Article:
2018 Week 3: Healthcare and Health Policy

picture of Ananya Sarkar CIIPANANYA SARKAR | CHASE BREXTON POWER PROJECT

The highlight of my third week would have to be National HIV Testing Day on Wednesday at the YNot Lot. We had music, free food, free rapid HIV testing and trainings where people could become naloxone trained to prevent overdoses.

Many individuals were apprehensive about getting screened for HIV and one of the many questions I was asked was whether the test was invasive. When they heard that we needed some blood, many of them left. Despite the fact that there were Chase Brexton signs all over the lot, I was also asked if the tester was from Hopkins. Hopkins has had a controversial relationship with the Baltimore community, and it is still evident today in individuals’ distrust of invasive medical tests.

One individual in particular came up to me and mentioned that they were HIV+ and were not interested in getting tested. I told them that I was glad that they knew their status and offered some of our food. They then proceeded to ask me about my religious beliefs and I informed them that I was not interested in sharing that information. This individual continued to pester me and other community members by saying that Chase Brexton was taking their blood to clone individuals. As weird and funny as the situation was in the moment, I wondered what we could do to change these perspectives that may be prevalent throughout the community.

Overall, National HIV testing day was a success, as we served over 150 individuals and tested over 25 people! I met many wonderful individuals who were so thankful that we were offering these services and expressed interest in coming to Chase Brexton in the future.

 

picture of Reah Vasilakopoulos CIIPREAH VASILAKOPOULOS | BALTIMORE HARM REDUCTION COALITION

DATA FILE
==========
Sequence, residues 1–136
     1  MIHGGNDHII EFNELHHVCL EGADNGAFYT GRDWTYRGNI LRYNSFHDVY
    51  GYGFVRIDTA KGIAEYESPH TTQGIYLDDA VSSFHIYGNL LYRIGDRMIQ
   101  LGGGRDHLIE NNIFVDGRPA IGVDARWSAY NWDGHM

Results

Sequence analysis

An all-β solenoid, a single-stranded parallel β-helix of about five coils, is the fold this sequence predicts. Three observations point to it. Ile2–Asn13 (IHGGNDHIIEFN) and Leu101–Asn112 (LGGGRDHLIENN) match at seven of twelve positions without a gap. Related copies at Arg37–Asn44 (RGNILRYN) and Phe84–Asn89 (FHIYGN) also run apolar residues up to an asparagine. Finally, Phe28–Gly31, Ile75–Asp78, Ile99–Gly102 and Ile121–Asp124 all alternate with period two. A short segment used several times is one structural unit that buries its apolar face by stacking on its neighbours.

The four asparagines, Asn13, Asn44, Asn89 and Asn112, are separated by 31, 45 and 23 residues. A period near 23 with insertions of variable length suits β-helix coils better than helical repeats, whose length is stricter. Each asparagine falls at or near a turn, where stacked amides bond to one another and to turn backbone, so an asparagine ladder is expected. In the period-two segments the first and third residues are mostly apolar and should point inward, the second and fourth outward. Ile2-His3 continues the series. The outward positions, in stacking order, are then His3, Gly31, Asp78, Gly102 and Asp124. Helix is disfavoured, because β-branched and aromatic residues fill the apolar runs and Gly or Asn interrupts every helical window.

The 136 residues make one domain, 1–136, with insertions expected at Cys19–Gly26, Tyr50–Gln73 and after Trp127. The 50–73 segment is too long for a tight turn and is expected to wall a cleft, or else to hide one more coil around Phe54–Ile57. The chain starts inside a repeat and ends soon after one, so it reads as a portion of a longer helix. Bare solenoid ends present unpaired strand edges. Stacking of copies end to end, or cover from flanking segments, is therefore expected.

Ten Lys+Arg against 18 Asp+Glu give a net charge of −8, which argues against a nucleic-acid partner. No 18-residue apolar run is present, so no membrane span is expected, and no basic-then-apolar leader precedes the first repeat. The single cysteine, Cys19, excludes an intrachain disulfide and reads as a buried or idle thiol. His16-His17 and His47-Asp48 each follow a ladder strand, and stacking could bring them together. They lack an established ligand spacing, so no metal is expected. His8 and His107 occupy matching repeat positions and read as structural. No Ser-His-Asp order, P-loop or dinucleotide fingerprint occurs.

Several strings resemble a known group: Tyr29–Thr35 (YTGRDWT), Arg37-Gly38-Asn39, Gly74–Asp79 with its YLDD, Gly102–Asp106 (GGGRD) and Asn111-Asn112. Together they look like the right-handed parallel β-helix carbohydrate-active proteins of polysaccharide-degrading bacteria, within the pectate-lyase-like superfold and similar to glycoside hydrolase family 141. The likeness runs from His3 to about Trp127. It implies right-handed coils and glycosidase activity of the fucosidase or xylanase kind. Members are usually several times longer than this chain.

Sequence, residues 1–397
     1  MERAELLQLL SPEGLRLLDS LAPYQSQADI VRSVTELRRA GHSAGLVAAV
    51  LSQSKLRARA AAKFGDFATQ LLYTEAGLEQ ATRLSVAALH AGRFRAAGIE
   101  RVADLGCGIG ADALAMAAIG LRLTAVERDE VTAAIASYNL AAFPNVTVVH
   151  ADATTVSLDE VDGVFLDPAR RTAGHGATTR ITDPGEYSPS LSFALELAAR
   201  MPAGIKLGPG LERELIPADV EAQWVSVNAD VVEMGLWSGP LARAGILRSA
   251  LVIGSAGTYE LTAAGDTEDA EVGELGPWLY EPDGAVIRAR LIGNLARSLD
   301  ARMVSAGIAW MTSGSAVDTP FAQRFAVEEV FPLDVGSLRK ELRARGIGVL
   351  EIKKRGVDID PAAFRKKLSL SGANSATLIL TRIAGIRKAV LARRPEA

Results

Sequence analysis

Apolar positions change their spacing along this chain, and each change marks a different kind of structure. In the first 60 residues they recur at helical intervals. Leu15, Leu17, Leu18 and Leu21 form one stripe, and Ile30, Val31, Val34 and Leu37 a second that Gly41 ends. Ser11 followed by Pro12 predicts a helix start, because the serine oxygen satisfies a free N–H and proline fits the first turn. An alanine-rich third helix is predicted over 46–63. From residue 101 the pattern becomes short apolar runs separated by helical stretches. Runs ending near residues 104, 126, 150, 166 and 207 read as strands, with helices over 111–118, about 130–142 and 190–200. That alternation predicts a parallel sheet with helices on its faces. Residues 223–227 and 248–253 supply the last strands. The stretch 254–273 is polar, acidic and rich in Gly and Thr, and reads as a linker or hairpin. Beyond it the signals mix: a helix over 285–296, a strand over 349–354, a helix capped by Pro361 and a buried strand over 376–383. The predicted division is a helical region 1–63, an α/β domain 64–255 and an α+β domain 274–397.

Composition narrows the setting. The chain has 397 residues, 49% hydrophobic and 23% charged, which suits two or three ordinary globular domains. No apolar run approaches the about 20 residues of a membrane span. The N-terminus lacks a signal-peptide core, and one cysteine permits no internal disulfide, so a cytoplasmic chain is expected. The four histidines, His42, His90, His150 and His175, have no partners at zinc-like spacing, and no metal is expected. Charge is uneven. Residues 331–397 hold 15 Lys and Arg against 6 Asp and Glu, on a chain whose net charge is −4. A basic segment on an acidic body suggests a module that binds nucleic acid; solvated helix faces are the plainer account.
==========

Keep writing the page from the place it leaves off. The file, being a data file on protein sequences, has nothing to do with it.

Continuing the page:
I knew this week would be very busy, given that 3 of 5 weekdays revolved around the Maryland Harm Reduction Pre-Conference and Summit. I was incredibly excited and fortunate to be there, meeting so many different people who cared about harm reduction and incorporated it into their lives, profession, or both. Whether I was learning about how to center people who use drugs in the management of organizations providing services for them, or what harm reduction for people who do sex work can look like, I saw so many exciting paths for future work, for my own future. Meeting other people who love harm reduction practices like I do made my inner desire to continue doing this work even stronger. I came out of the Summit feeling validated in many of my future hopes.

But, I also came out of it feeling frustrated in some ways. I had a few experiences at the Summit, while helping out with Narcan trainings for the Maryland Department of Health (MDOH), which showed me that the framework of racial equity and understanding of racial injustice at BHRC is not taken up by everyone in the harm reduction world.

At BHRC, we really work to center racial equity in everything we do. Racial injustice and systemic racism undeniably contribute to stigmatization, lacking access to treatment, and changing public response. There is clear difference in the response to opioid overdose in our country: people of color have been incarcerated for substance use (including opioids) for decades, but treatment and sympathy was offered for opioid use once white people became the mainstream focus of the crisis.

First, I was speaking to the MDOH employee who had been training people all day at the Summit. She opened the pamphlet that she used for visualization and covered the symptoms of opioid overdose with me. I read “blue fingertips and/or lips.” Blue? I had been trained to include blue or gray in my Narcan trainings, understanding that people with darker skin do not reflect blue tinges but instead look gray or ashen. Training people to solely look for blue fingertips centers opioid overdose once again around white people. I spoke to her, asking if she could make edits to include this in her future materials. She was receptive and said yes, but following it made a side comment about how many different people review their pamphlets. To me, it just sounded like it was reviewed by many different white people.